Saturday 22 December 2018 After a quick cup of coffee and rusks, our day started at 06h00. Today we neatened up the camp area, cleared more bushes in the immediate vicinity of our camp. Securing tent pegs, setting up the washup area and the cooking station.
We also took a drive to EDM in Ponta do Oura to arrange for electricity to be connected at the Malongane property. Pastor Ernesto from First Baptist Ponto do Oura arranged a meeting with the Chief who oversees both Ponta and Malongane to introduce us to him. Because we are in a rural areas where the Chiefs oversee the business of the community, it is very important for the Chief and the local chiefs to meet us, know who we are and what our purpose is.
Back at Malongane, we continued the task ahead and our spirits weren’t dampened by the heat. As we went along, curiosity got the better of the kids in the area and they were hanging around observing from a distance. As the hours passed, they slowly but sure came closer and closer to see what we were doing. Before long, without any words spoken, they were helping to offload small items from the trailer and bringing it to the camp site. The universal language of hand signals seems to work well 😊. Once the trailers were empty, the little ones used this space as a spectator pavilion. Derick made use of this moment to teach them “Bless the Lord oh my Soul” and before long they were singing along.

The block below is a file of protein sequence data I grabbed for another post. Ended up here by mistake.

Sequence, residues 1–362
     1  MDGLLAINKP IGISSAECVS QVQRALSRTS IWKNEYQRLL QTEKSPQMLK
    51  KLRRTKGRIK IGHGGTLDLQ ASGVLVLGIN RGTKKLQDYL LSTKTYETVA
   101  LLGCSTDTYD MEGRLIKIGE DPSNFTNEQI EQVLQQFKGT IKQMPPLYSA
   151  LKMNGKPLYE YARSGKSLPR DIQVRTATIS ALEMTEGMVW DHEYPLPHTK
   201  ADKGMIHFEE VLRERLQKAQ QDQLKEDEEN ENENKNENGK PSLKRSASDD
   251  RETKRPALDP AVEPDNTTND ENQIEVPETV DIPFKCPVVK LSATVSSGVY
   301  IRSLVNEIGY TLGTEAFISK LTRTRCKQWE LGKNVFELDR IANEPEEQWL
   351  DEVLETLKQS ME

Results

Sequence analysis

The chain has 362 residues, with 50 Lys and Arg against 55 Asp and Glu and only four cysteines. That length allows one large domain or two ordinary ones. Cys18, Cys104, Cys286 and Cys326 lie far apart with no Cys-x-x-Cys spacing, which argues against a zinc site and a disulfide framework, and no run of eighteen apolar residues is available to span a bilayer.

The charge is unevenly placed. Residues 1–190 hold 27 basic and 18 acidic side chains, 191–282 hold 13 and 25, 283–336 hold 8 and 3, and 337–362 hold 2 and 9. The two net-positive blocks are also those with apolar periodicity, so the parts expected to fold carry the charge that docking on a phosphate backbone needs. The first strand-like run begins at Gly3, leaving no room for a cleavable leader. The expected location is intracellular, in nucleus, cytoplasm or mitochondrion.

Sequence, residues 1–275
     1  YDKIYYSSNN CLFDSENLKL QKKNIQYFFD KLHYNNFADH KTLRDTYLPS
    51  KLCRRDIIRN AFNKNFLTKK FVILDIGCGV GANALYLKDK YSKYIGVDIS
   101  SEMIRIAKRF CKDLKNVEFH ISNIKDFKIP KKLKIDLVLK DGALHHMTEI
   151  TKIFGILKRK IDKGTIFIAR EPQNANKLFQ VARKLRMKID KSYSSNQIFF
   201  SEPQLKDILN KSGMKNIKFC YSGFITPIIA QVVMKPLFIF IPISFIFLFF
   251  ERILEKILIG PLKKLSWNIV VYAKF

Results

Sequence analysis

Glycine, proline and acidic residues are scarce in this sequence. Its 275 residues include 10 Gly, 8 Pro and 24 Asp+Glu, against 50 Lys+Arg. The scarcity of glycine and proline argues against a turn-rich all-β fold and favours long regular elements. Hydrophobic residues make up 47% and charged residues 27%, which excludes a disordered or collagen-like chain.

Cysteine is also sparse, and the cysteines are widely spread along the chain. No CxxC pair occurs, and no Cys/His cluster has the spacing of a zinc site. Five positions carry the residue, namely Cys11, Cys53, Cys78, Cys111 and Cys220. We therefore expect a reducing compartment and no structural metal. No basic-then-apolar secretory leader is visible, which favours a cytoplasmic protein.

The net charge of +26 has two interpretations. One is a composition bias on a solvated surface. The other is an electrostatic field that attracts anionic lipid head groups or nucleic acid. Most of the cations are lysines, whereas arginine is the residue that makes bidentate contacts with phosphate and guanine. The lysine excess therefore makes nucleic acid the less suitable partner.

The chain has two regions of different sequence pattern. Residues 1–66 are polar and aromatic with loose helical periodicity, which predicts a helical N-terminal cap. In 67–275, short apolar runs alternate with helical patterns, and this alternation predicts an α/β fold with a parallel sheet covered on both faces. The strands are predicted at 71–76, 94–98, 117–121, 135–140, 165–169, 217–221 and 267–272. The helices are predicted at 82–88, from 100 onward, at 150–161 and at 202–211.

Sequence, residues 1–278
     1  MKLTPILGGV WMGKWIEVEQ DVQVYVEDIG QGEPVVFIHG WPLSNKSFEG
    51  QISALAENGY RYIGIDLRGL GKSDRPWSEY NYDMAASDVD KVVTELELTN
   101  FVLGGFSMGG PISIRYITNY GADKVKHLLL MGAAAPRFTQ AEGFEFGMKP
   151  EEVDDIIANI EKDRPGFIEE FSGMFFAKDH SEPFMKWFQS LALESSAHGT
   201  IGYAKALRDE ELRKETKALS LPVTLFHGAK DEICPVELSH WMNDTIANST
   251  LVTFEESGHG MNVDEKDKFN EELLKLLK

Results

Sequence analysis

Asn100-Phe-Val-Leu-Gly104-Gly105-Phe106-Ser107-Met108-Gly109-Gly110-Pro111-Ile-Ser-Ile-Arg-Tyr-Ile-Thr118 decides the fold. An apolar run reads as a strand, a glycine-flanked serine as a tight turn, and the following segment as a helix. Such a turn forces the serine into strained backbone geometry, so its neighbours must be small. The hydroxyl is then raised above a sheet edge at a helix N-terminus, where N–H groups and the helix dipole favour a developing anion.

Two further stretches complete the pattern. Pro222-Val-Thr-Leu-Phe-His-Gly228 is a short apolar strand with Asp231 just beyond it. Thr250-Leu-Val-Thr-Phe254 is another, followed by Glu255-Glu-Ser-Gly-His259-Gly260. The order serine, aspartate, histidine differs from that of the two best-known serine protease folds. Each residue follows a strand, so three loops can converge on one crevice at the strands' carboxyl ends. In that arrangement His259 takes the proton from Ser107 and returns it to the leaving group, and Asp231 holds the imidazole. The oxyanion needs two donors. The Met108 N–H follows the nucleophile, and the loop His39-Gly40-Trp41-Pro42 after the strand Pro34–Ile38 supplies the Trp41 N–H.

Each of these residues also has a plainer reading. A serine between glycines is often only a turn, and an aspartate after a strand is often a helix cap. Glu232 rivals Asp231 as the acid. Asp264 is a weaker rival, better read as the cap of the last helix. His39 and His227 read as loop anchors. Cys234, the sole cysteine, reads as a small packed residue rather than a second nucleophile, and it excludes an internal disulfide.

The men cleared a passage through the bushes and then opened up an area of about 3×6 m. This was to be our toilet where Amos dug a 2meter hole. 2 x 260 lt drums were placed in the hole. Derick built a make shift toilet using a “Director’s Chair”, and with a couple of wood planks he fixed a toilet seat to it. This was placed over the buried drums and VOILA, the bush toilet was complete.
We had to do something to the entrance of the property as it was very overgrown and a vehicle could barely get though. A perfect job for the brush cutter. Kathy, with a couple of black rubbish bags under the arm, set down the road to pick up all the litter laying around. In no time, 7 children raging from about 5 to 15 followed her and started collecting the rubbish and placed it in the black bags. They were rewarded with an ice cold drink purchased at the local Barraca (This is a small stall in the front of a local homestead selling basic items like milk, tea, coldrinks, tomatoes, lettuce, eggs, ice etc)